"Turistas" is a tense, unsettling thriller centering around a diverse group of young adventure travelers. After a terrifying bus accident maroons them in a remote Brazilian beach town, they slowly discover that the white sand beaches and lush jungles are concealing a darker, unsettling secret...
This is one from the `Backpacker Beware' genre, that really would put anyone off from going absolutely anywhere without a body guard. It stars Josh Duhamel as Alex, who is backpacking through Brazil with his sister Bea (Olivia Wilde) and their friend Amy (Beau Garret). They are on the worst driven bus in all of South America, when unsurprisingly the driver wrecks the thing. Everyone gets out and are told that the next bus has been booked - yaay! But that it will take ten hours to possibly arrive - boo!
So they decide to check out the local beach which has some exceedingly friendly locals and more narcotics than an Amsterdam Coffee Shop. So they decide that this is Paradise and together with three co travellers and another touring couple they decide to party on down. Two of these are brothers from London and Finn (Desmond Askew) has the strangest accent ever, but very recognisable, that might be why he gets to do so many voice overs for video games; any way I digress.
Once our plucky party animals wake up they realise they have been drugged and robbed, so in good old Western Tourist style they had off to inform the local Constabulary. Only there aint a Cop Shop, so they decide to reclaim their filched property from the locals; and it goes very bad very quickly. Luckily they have made friends with one local who comes to their aid. We also have a sub plot of tourists going missing on a regular basis and a trade in human body parts, but are these events linked - mwaahh etc.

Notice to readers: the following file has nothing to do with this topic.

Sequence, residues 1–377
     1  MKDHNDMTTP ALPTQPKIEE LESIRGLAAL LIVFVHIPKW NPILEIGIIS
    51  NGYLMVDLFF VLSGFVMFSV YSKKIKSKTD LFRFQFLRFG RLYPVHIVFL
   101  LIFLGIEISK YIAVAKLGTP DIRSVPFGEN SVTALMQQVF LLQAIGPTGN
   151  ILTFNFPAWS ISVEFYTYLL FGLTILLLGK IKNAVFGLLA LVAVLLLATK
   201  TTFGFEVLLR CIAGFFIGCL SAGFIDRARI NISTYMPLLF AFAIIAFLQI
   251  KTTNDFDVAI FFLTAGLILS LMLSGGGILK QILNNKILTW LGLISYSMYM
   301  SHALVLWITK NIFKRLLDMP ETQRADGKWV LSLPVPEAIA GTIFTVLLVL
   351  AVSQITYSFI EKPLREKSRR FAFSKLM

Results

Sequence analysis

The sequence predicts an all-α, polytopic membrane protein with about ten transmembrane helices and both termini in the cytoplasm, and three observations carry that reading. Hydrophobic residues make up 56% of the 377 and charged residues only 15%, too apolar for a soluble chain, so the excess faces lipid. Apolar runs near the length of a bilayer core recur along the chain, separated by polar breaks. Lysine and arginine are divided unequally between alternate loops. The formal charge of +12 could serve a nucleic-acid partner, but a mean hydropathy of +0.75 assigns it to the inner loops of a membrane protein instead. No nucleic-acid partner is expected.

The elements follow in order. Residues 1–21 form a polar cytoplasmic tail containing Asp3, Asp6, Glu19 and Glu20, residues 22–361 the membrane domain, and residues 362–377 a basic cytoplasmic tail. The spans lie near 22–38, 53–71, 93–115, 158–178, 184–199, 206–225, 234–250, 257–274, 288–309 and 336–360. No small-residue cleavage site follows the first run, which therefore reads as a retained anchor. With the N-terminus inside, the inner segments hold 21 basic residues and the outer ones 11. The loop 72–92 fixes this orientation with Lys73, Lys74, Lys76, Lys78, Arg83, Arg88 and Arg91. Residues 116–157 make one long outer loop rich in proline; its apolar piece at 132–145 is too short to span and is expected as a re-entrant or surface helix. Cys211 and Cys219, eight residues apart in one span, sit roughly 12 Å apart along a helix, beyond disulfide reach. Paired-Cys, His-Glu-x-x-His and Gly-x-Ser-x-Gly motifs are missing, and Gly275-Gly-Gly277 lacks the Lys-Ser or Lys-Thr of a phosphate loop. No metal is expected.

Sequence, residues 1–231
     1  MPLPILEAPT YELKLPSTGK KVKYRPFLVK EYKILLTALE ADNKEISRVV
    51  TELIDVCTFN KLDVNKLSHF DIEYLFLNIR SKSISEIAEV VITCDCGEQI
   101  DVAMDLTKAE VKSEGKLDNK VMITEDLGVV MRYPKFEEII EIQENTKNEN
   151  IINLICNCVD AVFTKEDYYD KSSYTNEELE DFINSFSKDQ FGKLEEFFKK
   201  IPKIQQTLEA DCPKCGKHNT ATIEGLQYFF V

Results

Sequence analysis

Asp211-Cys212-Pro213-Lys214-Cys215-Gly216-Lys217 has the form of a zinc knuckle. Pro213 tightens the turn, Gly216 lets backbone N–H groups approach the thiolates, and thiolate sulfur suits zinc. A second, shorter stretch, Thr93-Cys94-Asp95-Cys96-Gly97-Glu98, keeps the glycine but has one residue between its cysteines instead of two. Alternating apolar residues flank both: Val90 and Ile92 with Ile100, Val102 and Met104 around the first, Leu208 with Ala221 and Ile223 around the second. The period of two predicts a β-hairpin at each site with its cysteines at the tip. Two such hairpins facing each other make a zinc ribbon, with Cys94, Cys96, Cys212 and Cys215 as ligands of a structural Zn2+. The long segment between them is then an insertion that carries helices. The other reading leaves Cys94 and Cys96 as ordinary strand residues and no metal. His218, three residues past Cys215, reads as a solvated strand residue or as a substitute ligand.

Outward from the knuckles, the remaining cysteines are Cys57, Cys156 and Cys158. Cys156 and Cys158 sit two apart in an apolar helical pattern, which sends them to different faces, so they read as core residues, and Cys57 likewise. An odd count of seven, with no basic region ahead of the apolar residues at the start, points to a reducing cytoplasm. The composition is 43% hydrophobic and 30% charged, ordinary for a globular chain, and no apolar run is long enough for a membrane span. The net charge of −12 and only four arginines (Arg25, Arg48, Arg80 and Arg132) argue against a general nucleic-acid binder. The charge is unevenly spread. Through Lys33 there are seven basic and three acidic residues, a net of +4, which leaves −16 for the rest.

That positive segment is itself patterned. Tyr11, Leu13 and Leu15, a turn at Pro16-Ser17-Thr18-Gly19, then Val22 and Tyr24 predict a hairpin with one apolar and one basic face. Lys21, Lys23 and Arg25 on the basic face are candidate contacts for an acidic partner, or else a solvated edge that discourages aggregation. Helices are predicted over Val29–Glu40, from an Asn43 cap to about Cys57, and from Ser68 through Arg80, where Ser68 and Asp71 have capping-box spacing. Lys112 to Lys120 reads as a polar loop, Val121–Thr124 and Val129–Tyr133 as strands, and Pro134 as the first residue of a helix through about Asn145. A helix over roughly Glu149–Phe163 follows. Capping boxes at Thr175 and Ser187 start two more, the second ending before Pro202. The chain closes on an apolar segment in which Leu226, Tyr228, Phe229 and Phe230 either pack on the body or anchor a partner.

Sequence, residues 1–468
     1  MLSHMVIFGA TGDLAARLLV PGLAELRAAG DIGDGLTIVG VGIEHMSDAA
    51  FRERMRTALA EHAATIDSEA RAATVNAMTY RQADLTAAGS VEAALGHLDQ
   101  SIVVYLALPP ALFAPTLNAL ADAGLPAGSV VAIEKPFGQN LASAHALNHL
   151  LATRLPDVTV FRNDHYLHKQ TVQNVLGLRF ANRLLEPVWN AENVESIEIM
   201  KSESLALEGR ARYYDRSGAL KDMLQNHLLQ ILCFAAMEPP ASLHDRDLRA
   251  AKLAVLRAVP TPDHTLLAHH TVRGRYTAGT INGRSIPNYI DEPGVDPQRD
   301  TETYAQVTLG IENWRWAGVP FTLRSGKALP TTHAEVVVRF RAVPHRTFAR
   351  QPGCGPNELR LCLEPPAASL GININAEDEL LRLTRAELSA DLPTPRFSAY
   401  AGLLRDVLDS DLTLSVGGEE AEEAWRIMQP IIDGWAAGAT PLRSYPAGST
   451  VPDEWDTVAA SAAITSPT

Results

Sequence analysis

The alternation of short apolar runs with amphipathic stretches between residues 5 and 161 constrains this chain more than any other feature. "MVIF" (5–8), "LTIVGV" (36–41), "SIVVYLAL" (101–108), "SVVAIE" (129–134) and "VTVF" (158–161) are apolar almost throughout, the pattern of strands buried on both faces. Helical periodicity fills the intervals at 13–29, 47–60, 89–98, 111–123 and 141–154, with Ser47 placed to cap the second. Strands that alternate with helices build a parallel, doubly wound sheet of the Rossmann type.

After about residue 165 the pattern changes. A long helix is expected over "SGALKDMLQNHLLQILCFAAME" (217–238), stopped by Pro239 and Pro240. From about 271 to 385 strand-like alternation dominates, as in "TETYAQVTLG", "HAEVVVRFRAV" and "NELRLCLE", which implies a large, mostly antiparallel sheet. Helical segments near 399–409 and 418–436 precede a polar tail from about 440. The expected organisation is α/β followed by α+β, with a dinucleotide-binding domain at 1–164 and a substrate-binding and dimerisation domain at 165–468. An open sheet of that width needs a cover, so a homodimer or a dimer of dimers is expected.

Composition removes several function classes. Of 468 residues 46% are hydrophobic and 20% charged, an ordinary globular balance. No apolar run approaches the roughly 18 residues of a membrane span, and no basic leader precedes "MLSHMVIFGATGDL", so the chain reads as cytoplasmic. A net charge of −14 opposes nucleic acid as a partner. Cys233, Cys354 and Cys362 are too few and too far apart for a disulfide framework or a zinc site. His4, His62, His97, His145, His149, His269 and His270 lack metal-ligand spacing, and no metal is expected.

Any way to say any more would be a plot spoiler and the whole point of this film is to be a horror, and it does work, whilst being moody, scary and quite gory all at the same time. There are also some stunning underwater shots and an awful lot of running about the place scantily clad; so a big well done to director John Stockwell for that. There is great tension throughout and yes a couple of plot holes but they are forgivable as this is one of those films that I did not have high hopes for but was really pleasantly surprised, but not that pleasantly surprised at some of the more gruesome scenes, and definitely not one to watch with a TV dinner or even a bag of crisps and you might be risking even with a cup of tea, so do take care.
Well acted, well paced and with the right amount of nice stuff to nasty stuff ratio that gets you to care about the characters and with enough oomph to keep you hooked until the end, don't know why it was called after John Milton's poem though and I am pretty sure the Brazilian Tourist Board would want to have a word with Mr Stockwell, but never mind as he has made rather a good little film - recommended.